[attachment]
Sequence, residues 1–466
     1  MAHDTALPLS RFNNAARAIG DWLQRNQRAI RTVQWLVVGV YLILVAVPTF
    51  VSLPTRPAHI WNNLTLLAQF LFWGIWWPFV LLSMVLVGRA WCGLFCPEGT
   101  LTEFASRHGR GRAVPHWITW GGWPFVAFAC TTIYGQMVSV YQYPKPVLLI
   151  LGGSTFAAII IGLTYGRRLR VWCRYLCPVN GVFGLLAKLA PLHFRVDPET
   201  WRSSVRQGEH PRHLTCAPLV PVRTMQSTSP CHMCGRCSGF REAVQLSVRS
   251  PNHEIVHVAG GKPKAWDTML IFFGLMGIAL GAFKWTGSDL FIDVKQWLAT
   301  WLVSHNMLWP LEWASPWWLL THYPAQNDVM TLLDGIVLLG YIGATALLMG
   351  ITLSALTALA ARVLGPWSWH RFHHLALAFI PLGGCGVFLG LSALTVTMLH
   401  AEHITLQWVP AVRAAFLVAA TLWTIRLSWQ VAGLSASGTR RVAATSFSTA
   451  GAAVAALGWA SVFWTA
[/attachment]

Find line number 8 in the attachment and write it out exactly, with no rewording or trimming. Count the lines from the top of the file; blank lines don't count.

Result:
   301  WLVSHNMLWP LEWASPWWLL THYPAQNDVM TLLDGIVLLG YIGATALLMG